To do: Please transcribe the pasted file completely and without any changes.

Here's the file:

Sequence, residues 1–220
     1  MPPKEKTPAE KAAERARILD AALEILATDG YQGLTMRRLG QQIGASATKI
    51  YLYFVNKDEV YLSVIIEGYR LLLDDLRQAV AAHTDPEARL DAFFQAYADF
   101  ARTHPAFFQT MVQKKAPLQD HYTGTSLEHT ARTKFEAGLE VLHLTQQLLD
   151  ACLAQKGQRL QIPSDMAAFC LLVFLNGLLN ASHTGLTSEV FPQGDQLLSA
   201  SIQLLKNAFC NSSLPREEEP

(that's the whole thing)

Sequence, residues 1–220
     1  MPPKEKTPAE KAAERARILD AALEILATDG YQGLTMRRLG QQIGASATKI
    51  YLYFVNKDEV YLSVIIEGYR LLLDDLRQAV AAHTDPEARL DAFFQAYADF
   101  ARTHPAFFQT MVQKKAPLQD HYTGTSLEHT ARTKFEAGLE VLHLTQQLLD
   151  ACLAQKGQRL QIPSDMAAFC LLVFLNGLLN ASHTGLTSEV FPQGDQLLSA
   201  SIQLLKNAFC NSSLPREEEP